I fear I know nothing of the identity of Lady Ida, nor of the whereabouts of her well near Knocking. The Eas (or East) well at Baschurch is described by Burne as being 1 mile to the West of the church (i.e. about halfway to Ruyton XI Towns), in a field beside the River Perry. I would guess from this description that one should follow the lane from the village to around NGR 408 214. There is a brook described as flowing from the spring to the river, and the map shows a pond with such a brook at NGR 412 214. There used to be a Palm Sunday Wake or festival where sugar lumps were taken with the water and cakes distributed, and there were competitive sports.

     Finally, there are a few wells accidentally omitted from my previous articles in this series. Charlotte Burne mentions Potseden, a well in the parish of Oldbury (NGR 710 918) near Bridgnorth, so called as resembling a seething pot, and supposed to cure rheumatism; and also Sugar Well, another well in Ludlow, by the River Teme. Also, I have heard from Mr Eric Partridge, who farms at Chadwell Mill, Chadwell, Newport, where the St Chad's well mentioned in Source (First Series), issue 4 still thrives and supplies a prodigious amount of water sufficing not only for the farm's needs but also for neighbours. The mill lies between the hamlets of Chadwell (Salop) and Chatwell (Staffordshire) at NGR 787 146.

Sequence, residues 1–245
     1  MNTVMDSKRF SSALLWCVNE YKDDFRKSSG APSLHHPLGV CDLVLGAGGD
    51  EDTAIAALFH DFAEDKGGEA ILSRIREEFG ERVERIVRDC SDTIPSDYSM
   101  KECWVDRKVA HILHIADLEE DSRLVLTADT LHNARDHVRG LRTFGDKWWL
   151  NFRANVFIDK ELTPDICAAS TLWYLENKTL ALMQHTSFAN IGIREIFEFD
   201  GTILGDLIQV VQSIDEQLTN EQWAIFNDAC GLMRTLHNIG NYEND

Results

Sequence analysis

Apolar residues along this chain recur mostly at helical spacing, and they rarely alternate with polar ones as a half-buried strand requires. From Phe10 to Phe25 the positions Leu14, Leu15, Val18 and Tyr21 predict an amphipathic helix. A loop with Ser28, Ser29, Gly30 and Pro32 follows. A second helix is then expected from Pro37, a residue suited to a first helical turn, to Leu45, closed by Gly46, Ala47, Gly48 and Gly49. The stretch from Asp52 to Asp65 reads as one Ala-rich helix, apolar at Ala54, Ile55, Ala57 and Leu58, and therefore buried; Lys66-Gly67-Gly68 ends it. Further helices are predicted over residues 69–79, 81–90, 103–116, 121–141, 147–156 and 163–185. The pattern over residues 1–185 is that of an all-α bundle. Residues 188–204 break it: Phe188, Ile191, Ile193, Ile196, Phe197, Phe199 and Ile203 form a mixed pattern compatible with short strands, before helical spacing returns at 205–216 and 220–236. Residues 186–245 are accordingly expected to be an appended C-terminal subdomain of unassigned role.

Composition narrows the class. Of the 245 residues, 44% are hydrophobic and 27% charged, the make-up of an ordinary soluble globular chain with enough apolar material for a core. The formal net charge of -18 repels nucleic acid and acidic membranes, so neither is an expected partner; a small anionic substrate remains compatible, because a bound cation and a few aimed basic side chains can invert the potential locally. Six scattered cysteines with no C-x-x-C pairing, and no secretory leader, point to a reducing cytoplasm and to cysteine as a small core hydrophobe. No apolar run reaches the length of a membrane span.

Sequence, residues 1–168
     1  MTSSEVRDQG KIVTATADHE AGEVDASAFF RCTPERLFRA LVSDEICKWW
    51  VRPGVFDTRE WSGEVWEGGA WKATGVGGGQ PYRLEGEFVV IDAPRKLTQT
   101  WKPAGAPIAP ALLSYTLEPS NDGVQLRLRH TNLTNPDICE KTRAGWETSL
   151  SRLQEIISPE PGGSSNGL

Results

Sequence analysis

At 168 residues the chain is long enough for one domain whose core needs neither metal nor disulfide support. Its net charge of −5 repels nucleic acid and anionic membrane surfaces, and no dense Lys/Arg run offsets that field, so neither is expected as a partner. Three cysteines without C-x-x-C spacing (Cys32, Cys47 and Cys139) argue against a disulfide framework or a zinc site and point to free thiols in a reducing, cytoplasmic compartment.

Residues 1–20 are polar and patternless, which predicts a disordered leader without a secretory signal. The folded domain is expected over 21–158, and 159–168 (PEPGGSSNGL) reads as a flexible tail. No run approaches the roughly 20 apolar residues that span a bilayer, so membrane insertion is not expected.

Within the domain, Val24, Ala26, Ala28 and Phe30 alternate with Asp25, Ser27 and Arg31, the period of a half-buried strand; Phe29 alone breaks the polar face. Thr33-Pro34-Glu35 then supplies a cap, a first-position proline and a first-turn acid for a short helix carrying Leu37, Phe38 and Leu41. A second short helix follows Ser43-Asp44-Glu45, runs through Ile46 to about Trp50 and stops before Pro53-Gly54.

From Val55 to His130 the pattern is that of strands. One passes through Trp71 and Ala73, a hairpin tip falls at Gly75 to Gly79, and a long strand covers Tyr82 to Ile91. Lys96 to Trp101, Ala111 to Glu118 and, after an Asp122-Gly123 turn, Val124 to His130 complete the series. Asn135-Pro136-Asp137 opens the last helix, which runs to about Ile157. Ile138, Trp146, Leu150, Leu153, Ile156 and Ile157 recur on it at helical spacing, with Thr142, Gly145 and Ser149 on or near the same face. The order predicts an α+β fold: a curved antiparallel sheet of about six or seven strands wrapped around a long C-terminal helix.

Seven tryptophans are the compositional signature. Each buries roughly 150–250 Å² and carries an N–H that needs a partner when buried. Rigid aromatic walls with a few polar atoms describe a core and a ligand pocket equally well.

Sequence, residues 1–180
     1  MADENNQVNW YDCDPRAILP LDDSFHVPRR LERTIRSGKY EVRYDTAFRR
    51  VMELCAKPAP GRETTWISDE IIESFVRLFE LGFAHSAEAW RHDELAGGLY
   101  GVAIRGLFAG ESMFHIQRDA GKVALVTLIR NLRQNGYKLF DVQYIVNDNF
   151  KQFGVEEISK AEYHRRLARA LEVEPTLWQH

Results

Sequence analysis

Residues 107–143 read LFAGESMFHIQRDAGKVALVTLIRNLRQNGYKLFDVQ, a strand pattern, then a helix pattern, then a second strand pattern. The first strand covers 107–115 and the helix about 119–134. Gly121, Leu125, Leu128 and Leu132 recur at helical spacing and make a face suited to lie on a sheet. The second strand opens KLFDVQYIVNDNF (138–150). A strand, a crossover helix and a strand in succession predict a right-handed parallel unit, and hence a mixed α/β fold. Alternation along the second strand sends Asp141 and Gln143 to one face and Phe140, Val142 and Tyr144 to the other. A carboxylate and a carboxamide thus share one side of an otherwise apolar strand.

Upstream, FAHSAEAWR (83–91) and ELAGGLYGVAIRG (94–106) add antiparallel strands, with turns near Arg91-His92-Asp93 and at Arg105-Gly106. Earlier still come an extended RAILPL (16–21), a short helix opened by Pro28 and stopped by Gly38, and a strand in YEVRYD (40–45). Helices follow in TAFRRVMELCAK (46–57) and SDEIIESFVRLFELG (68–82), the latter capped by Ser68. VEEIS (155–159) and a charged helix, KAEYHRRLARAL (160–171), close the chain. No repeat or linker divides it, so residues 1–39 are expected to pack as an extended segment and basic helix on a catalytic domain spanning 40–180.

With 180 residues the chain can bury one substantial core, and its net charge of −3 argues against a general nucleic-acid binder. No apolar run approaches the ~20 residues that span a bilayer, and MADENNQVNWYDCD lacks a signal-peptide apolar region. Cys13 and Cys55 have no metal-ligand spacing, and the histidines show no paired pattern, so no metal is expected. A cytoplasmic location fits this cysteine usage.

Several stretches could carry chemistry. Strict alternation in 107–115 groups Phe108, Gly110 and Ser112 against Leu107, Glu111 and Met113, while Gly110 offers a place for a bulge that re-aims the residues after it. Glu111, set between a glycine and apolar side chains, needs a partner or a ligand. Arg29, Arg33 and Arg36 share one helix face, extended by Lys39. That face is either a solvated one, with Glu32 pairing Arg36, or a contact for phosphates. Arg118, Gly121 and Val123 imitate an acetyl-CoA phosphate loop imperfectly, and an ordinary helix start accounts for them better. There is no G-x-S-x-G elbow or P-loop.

Bibliography

 

     Burne,C.S., (1883); Shropshire Folk Lore, Chapter XXX, pp. 412-34 deal with well-worship.

     Hope, R. C., (1893); Holy Wells, Legends and Traditions, pp. 128-48 deal with Shropshire.

     Hewins, G. S., (1927); Byways of Shropshire, pp. 8-10 deal with wells.

     There are some useful descriptions of the well ceremonial in Much Wenlock in a fictional work which incorporates much folk-history; Lady Gaskell's Old Shropshire Life, in particular page 197ff.

     The Shropshire Magazine in its first issue (May 1950) and in June 1950, Oct. 1952, Dec. 1954, Feb. 1955, Nov. 1955, Dec. 1955, Jan. 1957, Jul. 1957, Aug. 1957, Nov. 1964, Sept. 1969, Sept. 1979, has had letters, or short articles (and some photo's), most of which are fairly informative.

 

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Text Laurens Otter (1988)